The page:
You can decorate it with a few chocolate chips on each dough ball if you wish (optional)

Bake at 175 degree Celsius for 12 - 15 minutes or until golden on the edges, but soft and moist in the middle. Take them out when they are just barely starting to turn brown and still look doughy.

Let them sit on the baking tray for 2 minutes before removing to cooling rack.

Now it's done :-)



Wednesday, 26 May 2021

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Easy, Crispy & Healthier Chocolate Chip Cookies

Makes 50 chocolate chip cookies

Ingredients:

1. 100g flour
2. 25g Grahams flour or whole wheat flour
3. 1 tsp vanilla powder
4. 1/2 tsp baking powder
5. A dash of salt (optional)
6. 50g sugar consisting of 35g brown sugar and 15g granulated sugar
7. 50g fat consisting of 25g butter and 25g olive oil
8. 1 egg
9. 1 TBS Nescafe coffee powder (optional)
10. 50g chopped walnuts
11. 50g chocolate chips

Directions:

1. In a mixing bowl, add and stir all the dry ingredients, flour, sugar, baking powder, vanilla powder, Nescafe coffee powder and salt.

2. Mix in the butter into the dry ingredients with your hands so that it becomes very small crumbs.

3. Add in the olive oil and egg to form into a dough. 

4. Add in chocolate chips and chopped walnuts and mix well.

5. Weigh 10g of dough for each biscuit. Form into a ball and press down into a round flat biscuit-shape.

5. Bake in a pre-warmed 160 degree Celsius oven for 10 minutes or until cooked.

6. Let cool before serving. When it is cooled, it will harden.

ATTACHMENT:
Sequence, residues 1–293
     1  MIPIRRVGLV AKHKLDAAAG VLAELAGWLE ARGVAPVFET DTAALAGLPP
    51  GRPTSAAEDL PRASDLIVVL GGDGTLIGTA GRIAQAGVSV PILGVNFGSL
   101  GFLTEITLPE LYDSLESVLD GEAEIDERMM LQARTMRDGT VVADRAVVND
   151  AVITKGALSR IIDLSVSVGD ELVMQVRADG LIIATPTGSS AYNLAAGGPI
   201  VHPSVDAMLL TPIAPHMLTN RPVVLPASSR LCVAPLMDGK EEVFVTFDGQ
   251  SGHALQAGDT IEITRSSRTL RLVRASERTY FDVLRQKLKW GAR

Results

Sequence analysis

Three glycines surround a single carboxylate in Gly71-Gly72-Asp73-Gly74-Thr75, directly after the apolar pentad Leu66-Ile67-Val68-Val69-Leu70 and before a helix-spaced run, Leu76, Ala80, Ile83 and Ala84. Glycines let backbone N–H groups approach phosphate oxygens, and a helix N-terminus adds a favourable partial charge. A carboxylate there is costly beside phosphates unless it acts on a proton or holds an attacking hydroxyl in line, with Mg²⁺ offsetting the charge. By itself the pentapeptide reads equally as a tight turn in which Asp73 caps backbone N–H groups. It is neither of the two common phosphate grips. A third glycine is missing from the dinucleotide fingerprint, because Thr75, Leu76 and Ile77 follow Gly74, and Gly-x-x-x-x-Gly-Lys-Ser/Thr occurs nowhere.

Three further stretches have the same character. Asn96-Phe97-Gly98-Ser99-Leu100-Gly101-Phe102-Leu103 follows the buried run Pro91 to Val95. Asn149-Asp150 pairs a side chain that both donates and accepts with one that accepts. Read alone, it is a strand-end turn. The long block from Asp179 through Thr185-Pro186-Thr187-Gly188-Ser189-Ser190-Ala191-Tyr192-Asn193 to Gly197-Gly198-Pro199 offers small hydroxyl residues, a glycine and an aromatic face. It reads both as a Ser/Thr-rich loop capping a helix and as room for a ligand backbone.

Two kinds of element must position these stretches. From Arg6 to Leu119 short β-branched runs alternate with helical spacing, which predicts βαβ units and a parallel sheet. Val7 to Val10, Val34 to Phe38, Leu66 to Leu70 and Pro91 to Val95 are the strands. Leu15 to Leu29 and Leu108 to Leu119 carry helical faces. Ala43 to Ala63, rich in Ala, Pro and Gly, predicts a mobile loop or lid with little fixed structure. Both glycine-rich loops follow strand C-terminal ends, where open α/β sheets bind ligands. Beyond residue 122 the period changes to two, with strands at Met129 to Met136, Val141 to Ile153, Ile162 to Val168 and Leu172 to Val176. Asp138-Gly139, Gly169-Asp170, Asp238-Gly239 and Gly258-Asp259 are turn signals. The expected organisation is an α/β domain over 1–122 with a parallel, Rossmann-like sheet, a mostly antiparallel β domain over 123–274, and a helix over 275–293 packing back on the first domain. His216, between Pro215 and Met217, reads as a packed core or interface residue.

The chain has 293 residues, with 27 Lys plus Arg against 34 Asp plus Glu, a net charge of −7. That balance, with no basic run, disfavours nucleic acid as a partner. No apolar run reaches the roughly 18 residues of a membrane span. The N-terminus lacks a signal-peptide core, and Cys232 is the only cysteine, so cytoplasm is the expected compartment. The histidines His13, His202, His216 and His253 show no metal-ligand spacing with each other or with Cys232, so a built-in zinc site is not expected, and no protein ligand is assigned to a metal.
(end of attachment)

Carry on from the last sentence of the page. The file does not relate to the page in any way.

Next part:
Additional information:

This chocolate chip cookie recipe is relatively easy, healthier and quicker to make compared to the typical chocolate chip cookies recipes. It is adapted from the Danish Summer sweet biscuits called kammejunker. It contains only one-third amount of sugar compared to most other chocolate chip cookie recipes, but it is sweet enough. You also don't have to beat the butter and sugar. You don't have to beat the egg. You don't have to refrigerate the dough. You don't have to add cornstarch. It is still tasty and decent - not cakey. If you like chewy chocolate chip cookies, then this recipe is not for you.

References:

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Diary of a Stay-At-Home-Mom: Much Ado About Chocolate Chip Cookies...


At first everyone in the family were so thrilled that I actually bother to bake them cookies that are decent enough to be eaten. They walloped them all up. 

In search of the most chewy chocolate chip cookies, our Little FECS is too happy to taste  the sample for me...

Then I bake and I bake and I bake... this batch with less sugar, that batch with more brown sugar, this batch with melted butter, that batch with softened butter, this batch with olive oil, that batch of 7 minutes bake time, 10 minutes bake time, refrigerated dough, etc etc... 

Finally our Little FECS ran away when I asked him to taste another sample (Baby FECS volunteered to take over Little FECS' task, but I didn’t allow her of course. She would finish them all up!)